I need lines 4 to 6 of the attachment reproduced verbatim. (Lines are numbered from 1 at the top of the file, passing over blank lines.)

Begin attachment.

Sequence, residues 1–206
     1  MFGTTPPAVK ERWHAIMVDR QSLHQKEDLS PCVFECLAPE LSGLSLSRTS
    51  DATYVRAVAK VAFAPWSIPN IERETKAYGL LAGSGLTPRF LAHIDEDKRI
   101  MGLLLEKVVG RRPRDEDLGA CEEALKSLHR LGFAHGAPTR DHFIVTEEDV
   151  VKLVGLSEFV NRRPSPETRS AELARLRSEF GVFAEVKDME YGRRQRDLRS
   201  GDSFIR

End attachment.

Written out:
   101  MGLLLEKVVG RRPRDEDLGA CEEALKSLHR LGFAHGAPTR DHFIVTEEDV
   151  VKLVGLSEFV NRRPSPETRS AELARLRSEF GVFAEVKDME YGRRQRDLRS
   201  GDSFIR